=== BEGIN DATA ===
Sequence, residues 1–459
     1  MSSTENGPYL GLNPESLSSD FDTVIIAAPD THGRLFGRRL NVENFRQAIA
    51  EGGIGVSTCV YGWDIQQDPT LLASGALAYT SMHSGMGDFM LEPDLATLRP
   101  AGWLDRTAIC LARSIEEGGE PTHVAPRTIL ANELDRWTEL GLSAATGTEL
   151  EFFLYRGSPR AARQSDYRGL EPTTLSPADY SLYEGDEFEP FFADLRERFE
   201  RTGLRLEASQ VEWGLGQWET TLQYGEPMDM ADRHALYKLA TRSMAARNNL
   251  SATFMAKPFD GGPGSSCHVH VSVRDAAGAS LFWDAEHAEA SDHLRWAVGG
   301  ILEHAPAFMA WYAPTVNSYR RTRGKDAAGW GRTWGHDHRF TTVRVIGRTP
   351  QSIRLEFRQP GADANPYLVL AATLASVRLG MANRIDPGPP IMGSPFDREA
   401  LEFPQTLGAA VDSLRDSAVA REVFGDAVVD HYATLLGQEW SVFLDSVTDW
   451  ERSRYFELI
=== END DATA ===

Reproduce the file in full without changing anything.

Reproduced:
Sequence, residues 1–459
     1  MSSTENGPYL GLNPESLSSD FDTVIIAAPD THGRLFGRRL NVENFRQAIA
    51  EGGIGVSTCV YGWDIQQDPT LLASGALAYT SMHSGMGDFM LEPDLATLRP
   101  AGWLDRTAIC LARSIEEGGE PTHVAPRTIL ANELDRWTEL GLSAATGTEL
   151  EFFLYRGSPR AARQSDYRGL EPTTLSPADY SLYEGDEFEP FFADLRERFE
   201  RTGLRLEASQ VEWGLGQWET TLQYGEPMDM ADRHALYKLA TRSMAARNNL
   251  SATFMAKPFD GGPGSSCHVH VSVRDAAGAS LFWDAEHAEA SDHLRWAVGG
   301  ILEHAPAFMA WYAPTVNSYR RTRGKDAAGW GRTWGHDHRF TTVRVIGRTP
   351  QSIRLEFRQP GADANPYLVL AATLASVRLG MANRIDPGPP IMGSPFDREA
   401  LEFPQTLGAA VDSLRDSAVA REVFGDAVVD HYATLLGQEW SVFLDSVTDW
   451  ERSRYFELI